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Dig Deep is an extended conversation with researchers from K-State Research and Extension. In each episode, host Randall Kowalik talks with a different scientist about their background, their work, and more. What spurred that curiosity? What motivates them to keep digging? Better yet, what else do they enjoy? Cycling? Hunting and fishing? Baton twirling? Teaching yoga to pigs? You just never know! Send comments, questions or requests for copies of past programs to ksrenews@ksu.edu. K‑State R ...
 
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In the United States we have agencies and organizations at federal, state, and local levels that work to ensure the safety of the food we eat. As animals and animal byproducts are part of many human diets, it's also important to ensure the safety of livestock feed. Jordan Gebhardt is an assistant professor of diagnostic medicine and pathobiology in…
 
Today's farmers and ranchers have to do a lot more than grow wheat or raise cows and calves--they also have to be machinery technicians, computer programmers, and business managers. It's that last one that for many is most difficult hill to climb. Gregg Ibendahl is an associate professor in the Department of Agricultural Economics at Kansas State U…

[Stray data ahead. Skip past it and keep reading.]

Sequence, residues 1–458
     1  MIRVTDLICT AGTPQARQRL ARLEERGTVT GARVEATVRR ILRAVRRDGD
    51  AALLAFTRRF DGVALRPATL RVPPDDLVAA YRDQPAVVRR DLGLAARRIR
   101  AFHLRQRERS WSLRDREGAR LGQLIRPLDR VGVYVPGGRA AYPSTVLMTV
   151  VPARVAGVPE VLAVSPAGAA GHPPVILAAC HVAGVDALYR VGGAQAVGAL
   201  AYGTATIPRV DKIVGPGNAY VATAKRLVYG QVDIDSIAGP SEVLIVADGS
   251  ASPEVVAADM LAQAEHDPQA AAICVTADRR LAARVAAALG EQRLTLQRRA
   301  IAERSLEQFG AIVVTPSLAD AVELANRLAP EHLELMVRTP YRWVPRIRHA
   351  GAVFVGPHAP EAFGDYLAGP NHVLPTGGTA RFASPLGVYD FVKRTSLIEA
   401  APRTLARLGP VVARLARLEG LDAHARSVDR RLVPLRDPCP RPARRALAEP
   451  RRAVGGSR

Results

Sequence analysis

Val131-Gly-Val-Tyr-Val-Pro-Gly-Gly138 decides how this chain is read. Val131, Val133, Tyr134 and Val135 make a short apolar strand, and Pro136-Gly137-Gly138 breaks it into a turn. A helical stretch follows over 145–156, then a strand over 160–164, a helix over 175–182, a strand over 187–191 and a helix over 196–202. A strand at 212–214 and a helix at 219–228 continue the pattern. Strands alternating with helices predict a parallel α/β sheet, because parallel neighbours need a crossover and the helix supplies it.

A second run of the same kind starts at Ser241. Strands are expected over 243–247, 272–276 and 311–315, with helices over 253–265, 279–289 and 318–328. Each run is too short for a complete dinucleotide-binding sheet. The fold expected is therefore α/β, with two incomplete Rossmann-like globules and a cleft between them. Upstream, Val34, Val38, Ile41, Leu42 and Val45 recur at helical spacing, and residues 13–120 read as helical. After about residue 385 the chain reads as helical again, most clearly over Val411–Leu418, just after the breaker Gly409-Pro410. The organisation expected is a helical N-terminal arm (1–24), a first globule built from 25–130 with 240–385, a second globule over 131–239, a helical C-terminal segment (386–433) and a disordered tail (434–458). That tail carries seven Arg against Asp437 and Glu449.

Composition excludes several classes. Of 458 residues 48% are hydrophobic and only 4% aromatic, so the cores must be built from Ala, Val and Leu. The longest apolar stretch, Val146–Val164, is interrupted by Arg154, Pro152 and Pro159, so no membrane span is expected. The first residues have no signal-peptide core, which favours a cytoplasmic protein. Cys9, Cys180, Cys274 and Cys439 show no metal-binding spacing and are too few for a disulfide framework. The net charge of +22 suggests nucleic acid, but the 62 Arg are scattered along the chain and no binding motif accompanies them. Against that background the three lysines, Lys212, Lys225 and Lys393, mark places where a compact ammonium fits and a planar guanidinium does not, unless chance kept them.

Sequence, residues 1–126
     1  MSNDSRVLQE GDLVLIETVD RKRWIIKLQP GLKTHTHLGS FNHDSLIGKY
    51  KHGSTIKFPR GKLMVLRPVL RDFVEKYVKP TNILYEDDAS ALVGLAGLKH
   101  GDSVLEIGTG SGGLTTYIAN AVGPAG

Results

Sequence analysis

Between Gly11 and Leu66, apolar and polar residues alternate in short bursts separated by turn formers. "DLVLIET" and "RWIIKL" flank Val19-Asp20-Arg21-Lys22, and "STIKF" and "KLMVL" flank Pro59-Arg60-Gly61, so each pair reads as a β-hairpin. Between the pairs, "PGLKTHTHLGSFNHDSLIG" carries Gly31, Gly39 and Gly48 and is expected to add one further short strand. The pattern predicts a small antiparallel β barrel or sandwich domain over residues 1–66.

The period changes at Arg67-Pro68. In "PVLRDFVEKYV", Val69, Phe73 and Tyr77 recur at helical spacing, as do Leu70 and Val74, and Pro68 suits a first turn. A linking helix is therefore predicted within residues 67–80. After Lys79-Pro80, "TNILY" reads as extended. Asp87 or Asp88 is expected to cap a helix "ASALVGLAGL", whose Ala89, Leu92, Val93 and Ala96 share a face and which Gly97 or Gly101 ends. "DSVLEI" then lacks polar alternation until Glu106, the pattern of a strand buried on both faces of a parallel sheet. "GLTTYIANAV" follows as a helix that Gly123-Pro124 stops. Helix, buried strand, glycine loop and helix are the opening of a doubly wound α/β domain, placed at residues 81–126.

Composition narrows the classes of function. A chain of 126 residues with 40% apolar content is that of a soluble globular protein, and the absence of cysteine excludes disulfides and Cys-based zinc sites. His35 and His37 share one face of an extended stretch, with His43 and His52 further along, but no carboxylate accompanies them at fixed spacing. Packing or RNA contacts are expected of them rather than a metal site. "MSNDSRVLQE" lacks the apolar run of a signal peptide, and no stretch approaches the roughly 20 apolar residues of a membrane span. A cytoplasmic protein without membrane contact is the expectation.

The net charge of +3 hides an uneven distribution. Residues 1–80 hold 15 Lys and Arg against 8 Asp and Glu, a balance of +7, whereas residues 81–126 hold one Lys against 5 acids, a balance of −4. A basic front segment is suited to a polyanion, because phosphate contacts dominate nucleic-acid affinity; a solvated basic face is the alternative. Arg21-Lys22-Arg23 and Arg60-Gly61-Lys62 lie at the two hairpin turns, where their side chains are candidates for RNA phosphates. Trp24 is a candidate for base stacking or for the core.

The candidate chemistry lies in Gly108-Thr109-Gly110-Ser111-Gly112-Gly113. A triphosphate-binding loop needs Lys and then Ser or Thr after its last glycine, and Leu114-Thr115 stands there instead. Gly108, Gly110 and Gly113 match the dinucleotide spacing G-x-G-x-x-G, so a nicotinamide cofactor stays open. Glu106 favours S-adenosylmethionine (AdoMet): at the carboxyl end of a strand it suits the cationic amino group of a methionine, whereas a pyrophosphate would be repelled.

K-State Research and Extension specialists and agents are charged with delivering research-based information to their stakeholders, the citizens of Kansas. Through more than 100 years of history, they've encountered challenges and obstacles as small as a downed internet connection or a burned out bulb on a slide projector, to major weather events l…
 
Think back to your high school chemistry class. Recall that atoms of chemical elements--hydrogen and oxygen, for example--can be combined into molecules of compounds, such as water. The atoms in these compounds are held together by an electrical charge. Suppose certain compounds could be harnessed for their capability to store massive amounts of el…
 
Soybeans feed both humans and animals. They have also been used in the manufacturing of plastics, ink, building products, candles, even tires. Conservatively, more than 2,000 different varieties of soybeans have been documented--but only a fraction of those varieties are grown on a regular basis. Bill Schapaugh is professor in the Department of Agr…